This post was first published by the Young Foundation on June 6, 2012.
What to do with £400 million? That is the estimated amount going into economic development and regeneration in north Tottenham from the Haringey Council, GLA, and Spurs in the coming years.
The role of the local community in these regeneration plans is very much in the spotlight, more so now post-riots. Research carried out by the Young Foundation, Joseph Rowntree Foundation and others has demonstrated that community participation is absolutely crucial to the social sustainability and success of new development and services. The challenge is not only engaging local communities honestly and authentically, but making sure that local residents have the skills and capacity to involve themselves fully in the process of creating a better Tottenham.
The Young Foundation recently designed and facilitated a community summit on the draft regeneration strategy for Tottenham which included Council officers, local traders, the police, MP David Lammy, elected Council members, and third sector organisations. The main priorities of the regeneration strategy (e.g. healthier and stronger communities, a stronger local economy, higher quality housing, excellent public space and transportation) were discussed and gaps and areas for collaboration identified. This is one step in a longer term process of engaging the community in creating a better Tottenham. Feedback from participants was that the summit went well but they are keen to see what the next steps will be and how plans will move forward.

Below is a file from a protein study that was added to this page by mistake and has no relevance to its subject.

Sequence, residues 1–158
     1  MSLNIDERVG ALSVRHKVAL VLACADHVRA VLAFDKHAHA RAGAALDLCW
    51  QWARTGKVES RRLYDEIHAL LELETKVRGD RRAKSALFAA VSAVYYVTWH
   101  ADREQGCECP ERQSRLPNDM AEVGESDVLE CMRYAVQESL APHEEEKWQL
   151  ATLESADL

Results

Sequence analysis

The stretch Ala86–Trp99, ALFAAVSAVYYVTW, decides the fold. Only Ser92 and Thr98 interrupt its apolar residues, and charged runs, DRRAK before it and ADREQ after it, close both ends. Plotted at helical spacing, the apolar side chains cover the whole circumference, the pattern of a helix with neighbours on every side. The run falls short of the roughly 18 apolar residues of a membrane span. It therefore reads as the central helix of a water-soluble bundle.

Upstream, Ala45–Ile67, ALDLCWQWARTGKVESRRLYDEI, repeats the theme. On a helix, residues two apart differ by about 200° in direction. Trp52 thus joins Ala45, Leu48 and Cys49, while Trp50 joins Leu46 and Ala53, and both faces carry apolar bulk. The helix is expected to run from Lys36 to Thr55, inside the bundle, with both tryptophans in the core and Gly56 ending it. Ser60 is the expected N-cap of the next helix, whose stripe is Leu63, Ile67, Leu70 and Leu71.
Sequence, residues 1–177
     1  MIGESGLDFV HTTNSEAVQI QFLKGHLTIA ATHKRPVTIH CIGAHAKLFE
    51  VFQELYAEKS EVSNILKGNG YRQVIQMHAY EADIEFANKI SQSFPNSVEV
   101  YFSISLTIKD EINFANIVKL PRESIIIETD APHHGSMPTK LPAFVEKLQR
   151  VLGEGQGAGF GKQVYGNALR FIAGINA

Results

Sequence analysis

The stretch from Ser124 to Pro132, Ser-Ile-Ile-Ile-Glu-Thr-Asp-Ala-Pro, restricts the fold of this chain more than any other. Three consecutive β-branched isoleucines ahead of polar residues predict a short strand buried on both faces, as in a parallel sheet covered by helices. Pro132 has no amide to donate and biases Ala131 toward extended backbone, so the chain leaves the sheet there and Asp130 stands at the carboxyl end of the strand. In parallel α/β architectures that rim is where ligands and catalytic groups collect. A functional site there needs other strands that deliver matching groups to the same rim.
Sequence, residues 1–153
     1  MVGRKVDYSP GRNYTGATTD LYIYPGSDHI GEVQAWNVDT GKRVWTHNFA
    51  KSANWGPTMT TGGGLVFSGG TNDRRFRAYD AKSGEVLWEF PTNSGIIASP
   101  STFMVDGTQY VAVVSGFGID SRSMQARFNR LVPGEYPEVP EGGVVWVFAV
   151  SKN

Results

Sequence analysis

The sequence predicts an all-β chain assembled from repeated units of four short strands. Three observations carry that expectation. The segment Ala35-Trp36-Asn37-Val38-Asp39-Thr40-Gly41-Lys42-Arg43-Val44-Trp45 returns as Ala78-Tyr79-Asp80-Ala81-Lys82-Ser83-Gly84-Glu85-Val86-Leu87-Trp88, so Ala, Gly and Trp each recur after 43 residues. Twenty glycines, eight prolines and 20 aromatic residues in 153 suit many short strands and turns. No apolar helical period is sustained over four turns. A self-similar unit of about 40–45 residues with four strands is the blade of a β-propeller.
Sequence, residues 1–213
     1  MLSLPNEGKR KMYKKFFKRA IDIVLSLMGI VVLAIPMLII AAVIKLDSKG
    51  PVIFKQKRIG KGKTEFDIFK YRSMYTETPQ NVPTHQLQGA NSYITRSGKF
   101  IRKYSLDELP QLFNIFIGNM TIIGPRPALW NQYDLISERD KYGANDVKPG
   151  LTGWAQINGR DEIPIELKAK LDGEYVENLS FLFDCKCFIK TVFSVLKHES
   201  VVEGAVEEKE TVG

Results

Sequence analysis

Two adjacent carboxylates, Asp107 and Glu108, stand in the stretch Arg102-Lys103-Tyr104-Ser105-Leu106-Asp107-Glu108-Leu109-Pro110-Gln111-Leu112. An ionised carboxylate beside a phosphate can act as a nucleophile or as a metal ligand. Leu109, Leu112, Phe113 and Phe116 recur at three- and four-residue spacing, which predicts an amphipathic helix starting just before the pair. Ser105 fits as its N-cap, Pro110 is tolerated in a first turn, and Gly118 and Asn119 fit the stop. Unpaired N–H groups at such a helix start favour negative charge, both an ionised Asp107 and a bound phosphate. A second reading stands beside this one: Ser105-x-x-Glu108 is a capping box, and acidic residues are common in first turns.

Meanwhile, other changes are already afoot in Tottenham that local stakeholders feel passionate about. This was dramatically highlighted at Thursday's Development Management Forum organized by the Council with Grainger, the proposed developer, on the redevelopment of Seven Sisters Wards Corner. The meeting ended in chaos with local residents, business owners, and other stakeholders walking out in protest.
£400 million can go a long way to help make Tottenham a place where people want to live, work, and play. As we are learning from the community summit, and meetings like the Development Management Forum, people care passionately about Tottenham and success won't come from parachuting in the same old, same old but in engaging with the community in processes that are co-created, innovative, and probably a bit messy.
This blogpost was written by Tricia Hackett, Senior Associate at the Young Foundation. Tricia leads Tottenham Together: Voices from the Riots - a project commissioned by the Haringey Community Panel to engage local residents in conversations about the impact of the riots and how the community can recover and more forward.